You’re heading toward one of the most pristine snorkeling spots in the Caribbean. There won’t be any tour boats jockeying for position in the water, lines trying to squeeze through coral formations, or loud beach parties focused on rum cocktails instead of the underwater scenery. In fact, few people have even heard of Aves Island.
Aves Island (Bird Island) sits in the eastern Caribbean Sea. It’s more than 100 miles southwest of Montserrat (its closest neighbor) and 140 miles west of Dominica (which claims it). But the island, which is so small that the United Nations classifies it as a rock, is actually a dependency of Venezuela, 340 miles to the south. The island was first discovered in 1584 and, subsequently, claimed by everyone from England and Spain to Portugal and the Netherlands. Turtle and bird eggs were collected here in the 17th-19th centuries. Guano was mined for fertilizer later in the 19th century. But the land dispute didn’t erupt until the 1970s, when both Venezuela and Dominica vied for the ocean resources surrounding Aves Island.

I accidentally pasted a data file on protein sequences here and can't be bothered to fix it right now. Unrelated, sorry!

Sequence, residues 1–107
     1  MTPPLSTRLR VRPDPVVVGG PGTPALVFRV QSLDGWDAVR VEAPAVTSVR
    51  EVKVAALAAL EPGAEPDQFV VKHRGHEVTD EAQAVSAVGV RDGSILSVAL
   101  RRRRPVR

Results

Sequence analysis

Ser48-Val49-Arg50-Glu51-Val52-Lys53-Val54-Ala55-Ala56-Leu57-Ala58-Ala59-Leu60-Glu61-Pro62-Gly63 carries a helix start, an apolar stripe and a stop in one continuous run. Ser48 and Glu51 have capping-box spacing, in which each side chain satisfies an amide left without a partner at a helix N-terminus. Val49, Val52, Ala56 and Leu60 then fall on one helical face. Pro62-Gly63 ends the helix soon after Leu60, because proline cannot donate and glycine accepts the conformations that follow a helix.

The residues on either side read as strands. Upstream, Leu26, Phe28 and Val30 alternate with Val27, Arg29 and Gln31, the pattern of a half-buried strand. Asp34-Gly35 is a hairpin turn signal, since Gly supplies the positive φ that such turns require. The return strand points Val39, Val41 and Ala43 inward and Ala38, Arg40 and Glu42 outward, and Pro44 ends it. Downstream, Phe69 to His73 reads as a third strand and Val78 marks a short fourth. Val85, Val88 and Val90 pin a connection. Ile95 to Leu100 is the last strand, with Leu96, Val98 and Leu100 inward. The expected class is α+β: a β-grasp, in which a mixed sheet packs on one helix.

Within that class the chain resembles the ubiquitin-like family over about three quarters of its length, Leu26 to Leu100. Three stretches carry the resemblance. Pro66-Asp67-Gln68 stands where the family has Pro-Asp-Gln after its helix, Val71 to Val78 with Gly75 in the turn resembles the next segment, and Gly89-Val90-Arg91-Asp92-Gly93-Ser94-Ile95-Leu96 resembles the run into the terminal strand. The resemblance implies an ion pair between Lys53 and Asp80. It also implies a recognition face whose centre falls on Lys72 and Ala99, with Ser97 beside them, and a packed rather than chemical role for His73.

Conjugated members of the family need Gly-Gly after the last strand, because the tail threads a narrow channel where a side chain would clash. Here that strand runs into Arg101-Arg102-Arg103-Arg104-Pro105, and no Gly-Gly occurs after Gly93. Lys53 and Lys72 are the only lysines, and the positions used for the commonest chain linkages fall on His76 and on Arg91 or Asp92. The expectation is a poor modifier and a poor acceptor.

This disputed island is tiny. It’s only 1,230 feet long by 160 feet at its widest point. The coral-covered sandbank is filled with low, scrubby vegetation in its center. A little bit of grass lines the northern end, where green sea turtles breed. The island is mostly just sand, reaching only 13 feet above sea level on a calm day, though. When a hurricane blows through the area, the island is completely submerged. No wonder the surrounding water is littered with shipwrecks.
It’s those shipwrecks, plus sandbars and corals, that you’re quickly approaching now. The little island looks like a speck on the horizon. You’re excited to see sea turtles, schools of neon-colored fish, and maybe a shark or two when you get into the water. You’re claiming Aves Island for the afternoon.